Chinnock Cellars, owned and operated by Brian Chinnock, is a true boutique cigar company residing in Napa, California. Through his Chinnock Cellars wine company, Brian influences all of his cigars by the premium wine he creates. His most recent cigar, the Cremoir, is made out to be Chinnock’s “cream of the crop”. Competing with the more well-established Terroir and Pressoir, the Cremoir is no stranger to its sibling’s superb use of wine techniques—drawing inspiration from a wine fermentation process known as MLF. The Malo-Lactic Fermentation process helps produce a creamy or “Cremoir” flavor in white wines and this similar flavor component can be found in cigars as well.
SEE ALSO: Terroir by Chinncok Cellars cigar review
Cremoir is the fourth cigar for Chinnock (and the brand’s first Connecticut wrapper)—it is billed as “Limited Edition” but it appears the cigars may be in continuous, small batch production.
- Wrapper: Honduran Connecticut
- Binder: Nicaraguan
- Filler: Nicaraguan | Honduran | San Andrés
- Factory: Compañía Hondureña de Tabacos (Honduras)
- Production: Small batch/Limited Edition
- Vitola: 6″ x 52 Toro
- Price: $10
Like its predecessors, the Cremoir is simply a beautiful cigar. A buttery smooth Connecticut shade wrapper is rolled to perfection—triple capped and finished off with a very elegant band. Unlike the experimental/extravagant band of the Terroir, it’s nothing fancy—plain paper—although, the classic design seems very fitting for the cigar’s concept.
The golden wrapper lights up easily and welcomes a good toasting. The first few draws start very mellow, with a delicate cedar and white wine barely dancing on the palate—a slow waltz, if you will… The smoke is also a tad bitter from the start, with a grassy earth finish that seems to slightly work against a more preferable profile. The smoke is also rather dry, not quite what I was expecting from a “Cremoir” cigar.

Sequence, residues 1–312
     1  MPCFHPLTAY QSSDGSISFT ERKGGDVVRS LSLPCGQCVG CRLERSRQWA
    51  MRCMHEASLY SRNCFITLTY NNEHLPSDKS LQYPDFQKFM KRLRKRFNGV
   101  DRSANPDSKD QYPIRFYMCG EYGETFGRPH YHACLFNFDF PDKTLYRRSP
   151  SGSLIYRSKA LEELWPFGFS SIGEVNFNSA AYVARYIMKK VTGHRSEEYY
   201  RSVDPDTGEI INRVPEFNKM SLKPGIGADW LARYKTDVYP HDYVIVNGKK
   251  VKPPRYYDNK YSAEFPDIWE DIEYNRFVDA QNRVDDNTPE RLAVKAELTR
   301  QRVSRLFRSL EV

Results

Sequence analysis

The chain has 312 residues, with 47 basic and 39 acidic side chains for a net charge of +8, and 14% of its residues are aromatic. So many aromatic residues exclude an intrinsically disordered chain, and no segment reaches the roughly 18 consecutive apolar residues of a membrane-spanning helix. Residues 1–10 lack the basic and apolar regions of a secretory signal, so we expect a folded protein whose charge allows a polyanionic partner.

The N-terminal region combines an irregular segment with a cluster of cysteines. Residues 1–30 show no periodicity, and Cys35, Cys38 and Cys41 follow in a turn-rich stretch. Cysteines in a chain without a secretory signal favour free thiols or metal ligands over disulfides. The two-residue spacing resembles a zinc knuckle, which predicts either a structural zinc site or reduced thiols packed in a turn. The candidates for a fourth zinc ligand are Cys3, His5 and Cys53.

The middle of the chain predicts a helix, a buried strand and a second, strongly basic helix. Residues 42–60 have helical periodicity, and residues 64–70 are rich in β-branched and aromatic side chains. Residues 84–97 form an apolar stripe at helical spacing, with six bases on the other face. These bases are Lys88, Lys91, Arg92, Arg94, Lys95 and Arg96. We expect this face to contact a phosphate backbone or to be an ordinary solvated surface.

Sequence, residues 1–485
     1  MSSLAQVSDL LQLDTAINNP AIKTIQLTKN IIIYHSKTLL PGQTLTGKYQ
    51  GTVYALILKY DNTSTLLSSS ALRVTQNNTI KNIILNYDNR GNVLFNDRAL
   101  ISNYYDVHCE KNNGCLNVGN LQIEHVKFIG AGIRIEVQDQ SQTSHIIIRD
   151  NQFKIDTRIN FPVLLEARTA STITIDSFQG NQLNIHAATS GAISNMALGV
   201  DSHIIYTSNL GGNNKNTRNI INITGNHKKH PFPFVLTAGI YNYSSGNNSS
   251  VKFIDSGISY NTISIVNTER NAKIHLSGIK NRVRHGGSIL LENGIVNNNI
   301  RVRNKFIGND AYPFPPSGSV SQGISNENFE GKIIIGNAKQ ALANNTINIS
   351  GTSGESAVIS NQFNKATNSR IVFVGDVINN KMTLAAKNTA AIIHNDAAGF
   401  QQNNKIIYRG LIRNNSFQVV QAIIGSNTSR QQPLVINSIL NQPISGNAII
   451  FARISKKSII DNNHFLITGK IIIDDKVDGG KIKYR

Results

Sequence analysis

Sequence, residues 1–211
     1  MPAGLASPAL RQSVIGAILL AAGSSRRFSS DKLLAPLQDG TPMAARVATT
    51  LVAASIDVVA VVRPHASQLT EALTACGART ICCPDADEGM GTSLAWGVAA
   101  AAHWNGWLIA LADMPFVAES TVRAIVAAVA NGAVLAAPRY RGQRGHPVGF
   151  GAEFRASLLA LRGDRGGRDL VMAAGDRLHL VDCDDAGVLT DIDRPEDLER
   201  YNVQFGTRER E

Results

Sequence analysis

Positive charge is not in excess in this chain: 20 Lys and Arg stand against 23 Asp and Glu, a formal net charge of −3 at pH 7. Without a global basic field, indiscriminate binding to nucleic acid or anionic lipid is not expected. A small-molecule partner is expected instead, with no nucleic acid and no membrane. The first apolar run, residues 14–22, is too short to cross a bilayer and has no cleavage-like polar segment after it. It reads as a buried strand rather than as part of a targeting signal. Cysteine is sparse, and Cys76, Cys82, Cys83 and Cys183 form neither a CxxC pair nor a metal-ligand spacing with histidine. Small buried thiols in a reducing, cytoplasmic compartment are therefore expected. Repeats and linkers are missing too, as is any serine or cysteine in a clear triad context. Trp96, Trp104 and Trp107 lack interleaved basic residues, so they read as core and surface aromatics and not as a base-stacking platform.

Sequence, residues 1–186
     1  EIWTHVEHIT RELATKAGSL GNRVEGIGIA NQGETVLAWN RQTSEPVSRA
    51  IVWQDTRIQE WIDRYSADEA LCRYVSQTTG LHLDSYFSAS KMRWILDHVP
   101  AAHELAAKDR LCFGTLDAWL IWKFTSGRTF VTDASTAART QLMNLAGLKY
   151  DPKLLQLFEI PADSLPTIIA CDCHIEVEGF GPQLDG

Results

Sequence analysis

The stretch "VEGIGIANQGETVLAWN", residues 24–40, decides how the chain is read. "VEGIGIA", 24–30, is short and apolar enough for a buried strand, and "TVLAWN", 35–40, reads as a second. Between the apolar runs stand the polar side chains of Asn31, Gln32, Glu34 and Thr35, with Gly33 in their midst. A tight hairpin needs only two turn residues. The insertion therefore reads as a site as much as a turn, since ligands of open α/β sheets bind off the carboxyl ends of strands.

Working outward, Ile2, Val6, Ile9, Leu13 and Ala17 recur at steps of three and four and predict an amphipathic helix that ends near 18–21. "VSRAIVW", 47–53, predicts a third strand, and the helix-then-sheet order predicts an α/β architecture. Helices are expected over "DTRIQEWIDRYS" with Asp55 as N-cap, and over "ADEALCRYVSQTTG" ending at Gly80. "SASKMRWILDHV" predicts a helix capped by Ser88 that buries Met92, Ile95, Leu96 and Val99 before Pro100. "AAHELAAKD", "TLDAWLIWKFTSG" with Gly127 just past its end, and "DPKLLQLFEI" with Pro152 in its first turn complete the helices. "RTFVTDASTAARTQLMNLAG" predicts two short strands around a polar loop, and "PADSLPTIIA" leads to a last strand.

Further into the first third, there is good news in all respects: flavor, smoke, and construction. Starting with the flavor, things have livened up a bit. Although still rather mild, a bigger bouquet has formed. Cream, coffee, Brazilian nut, and a touch of white pepper (I see you, San Andrés). The retrohale is very smooth, with a mellow cedar aroma, spice, and citrus. The smoke has also lost all of its bitter qualities and has developed a touch of the creaminess I had hoped for. Construction is top-notch, with a perfect draw, good smoke output, and very solid ash.
Smoking a good three inches, flavors don’t change characteristics a whole lot. The palate is still slow, waltzing around my tongue, but now there is just a few more dancers involved. The coffee and cream make up the forefront, with a delicate but satisfying white wine and cedar finish. Down to the nub, the body increases a few tics, but still at a mild to low medium. Strength does have a significant presence nearing the end, dancing very close to the edge of the body’s maximum—although never falling overboard.
Would I smoke this again?
On the right occasion. This is an extremely delicate cigar that needs the utmost attention from its consumer to be enjoyed properly. Not only that, but to get the most out of it, I’d suggest a group smoking session in order to fully appreciate what it has to offer.
- Smoke output
- Rewards close attention
- A little bitter
- Low complexity